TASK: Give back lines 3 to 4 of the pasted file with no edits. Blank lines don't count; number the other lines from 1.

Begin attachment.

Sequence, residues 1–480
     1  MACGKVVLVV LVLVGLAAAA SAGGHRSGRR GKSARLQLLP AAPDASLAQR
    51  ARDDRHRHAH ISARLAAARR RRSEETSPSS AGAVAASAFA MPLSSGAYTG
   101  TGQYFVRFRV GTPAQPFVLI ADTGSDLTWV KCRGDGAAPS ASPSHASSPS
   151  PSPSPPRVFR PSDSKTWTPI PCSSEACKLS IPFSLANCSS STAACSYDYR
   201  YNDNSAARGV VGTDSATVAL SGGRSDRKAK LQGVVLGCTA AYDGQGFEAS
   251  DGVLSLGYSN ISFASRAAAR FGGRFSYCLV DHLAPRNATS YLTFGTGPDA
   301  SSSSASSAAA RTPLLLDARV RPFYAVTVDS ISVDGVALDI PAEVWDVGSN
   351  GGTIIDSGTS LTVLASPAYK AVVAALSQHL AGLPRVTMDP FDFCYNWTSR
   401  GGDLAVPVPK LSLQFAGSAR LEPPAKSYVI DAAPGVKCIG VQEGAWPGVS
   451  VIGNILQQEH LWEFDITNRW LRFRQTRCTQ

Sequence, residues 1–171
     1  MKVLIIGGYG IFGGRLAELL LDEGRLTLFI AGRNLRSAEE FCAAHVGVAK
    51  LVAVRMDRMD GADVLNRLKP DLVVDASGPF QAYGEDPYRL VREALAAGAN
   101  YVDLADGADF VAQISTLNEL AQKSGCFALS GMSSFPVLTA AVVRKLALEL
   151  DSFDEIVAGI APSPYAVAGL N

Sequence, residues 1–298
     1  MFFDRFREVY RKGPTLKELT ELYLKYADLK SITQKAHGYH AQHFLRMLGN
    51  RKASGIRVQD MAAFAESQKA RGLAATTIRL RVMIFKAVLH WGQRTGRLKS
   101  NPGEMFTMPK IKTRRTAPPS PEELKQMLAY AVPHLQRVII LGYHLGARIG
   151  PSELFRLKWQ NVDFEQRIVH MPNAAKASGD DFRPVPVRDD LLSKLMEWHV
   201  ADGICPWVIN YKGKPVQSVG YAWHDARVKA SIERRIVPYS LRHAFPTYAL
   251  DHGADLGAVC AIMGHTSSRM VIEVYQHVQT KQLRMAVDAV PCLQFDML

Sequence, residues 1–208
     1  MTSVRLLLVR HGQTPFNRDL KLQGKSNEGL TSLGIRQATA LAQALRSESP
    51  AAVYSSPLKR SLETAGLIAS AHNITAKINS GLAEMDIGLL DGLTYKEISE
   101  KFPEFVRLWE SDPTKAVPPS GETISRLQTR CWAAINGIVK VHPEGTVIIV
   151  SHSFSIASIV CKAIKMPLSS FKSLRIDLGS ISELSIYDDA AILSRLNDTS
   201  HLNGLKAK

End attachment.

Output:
    51  ARDDRHRHAH ISARLAAARR RRSEETSPSS AGAVAASAFA MPLSSGAYTG
   101  TGQYFVRFRV GTPAQPFVLI ADTGSDLTWV KCRGDGAAPS ASPSHASSPS